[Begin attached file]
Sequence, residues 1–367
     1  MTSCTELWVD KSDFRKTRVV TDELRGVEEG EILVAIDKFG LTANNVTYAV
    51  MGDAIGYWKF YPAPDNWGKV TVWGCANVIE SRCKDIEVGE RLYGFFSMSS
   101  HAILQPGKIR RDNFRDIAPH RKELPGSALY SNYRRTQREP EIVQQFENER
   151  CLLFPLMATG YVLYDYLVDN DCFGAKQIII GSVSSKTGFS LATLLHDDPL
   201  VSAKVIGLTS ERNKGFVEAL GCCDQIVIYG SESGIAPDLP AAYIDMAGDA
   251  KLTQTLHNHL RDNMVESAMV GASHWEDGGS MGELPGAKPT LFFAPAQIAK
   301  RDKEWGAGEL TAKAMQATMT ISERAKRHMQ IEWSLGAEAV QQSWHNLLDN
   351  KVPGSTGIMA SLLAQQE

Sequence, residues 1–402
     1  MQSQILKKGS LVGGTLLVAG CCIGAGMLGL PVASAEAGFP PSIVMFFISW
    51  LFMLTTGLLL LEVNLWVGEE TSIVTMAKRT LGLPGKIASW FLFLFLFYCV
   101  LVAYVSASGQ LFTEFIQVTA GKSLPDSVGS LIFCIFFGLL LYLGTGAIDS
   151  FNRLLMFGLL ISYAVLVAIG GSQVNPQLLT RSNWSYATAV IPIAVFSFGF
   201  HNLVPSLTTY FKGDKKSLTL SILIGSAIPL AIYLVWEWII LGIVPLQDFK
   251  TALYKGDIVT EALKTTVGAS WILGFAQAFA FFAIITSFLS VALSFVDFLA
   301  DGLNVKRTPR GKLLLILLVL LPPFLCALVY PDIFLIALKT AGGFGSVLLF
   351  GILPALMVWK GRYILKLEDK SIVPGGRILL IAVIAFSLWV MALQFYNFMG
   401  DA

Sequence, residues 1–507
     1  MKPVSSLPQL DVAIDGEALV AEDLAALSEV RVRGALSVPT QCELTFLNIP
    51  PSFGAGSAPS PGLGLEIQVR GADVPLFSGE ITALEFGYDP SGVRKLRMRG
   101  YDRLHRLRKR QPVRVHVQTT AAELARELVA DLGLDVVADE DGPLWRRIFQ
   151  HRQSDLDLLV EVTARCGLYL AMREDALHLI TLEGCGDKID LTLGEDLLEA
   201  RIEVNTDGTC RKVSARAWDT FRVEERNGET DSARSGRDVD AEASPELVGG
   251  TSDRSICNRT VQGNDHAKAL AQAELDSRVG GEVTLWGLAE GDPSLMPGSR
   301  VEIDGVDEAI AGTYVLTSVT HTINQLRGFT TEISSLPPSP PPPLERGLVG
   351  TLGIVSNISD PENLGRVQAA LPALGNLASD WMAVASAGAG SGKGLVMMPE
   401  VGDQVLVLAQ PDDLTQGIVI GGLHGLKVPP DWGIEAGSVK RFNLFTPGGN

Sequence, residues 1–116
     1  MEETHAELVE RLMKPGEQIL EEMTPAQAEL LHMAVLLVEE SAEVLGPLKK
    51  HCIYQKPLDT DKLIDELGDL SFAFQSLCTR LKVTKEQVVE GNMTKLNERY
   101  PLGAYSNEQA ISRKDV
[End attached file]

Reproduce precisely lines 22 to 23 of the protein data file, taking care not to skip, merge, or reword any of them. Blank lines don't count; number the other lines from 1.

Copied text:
    51  PSFGAGSAPS PGLGLEIQVR GADVPLFSGE ITALEFGYDP SGVRKLRMRG
   101  YDRLHRLRKR QPVRVHVQTT AAELARELVA DLGLDVVADE DGPLWRRIFQ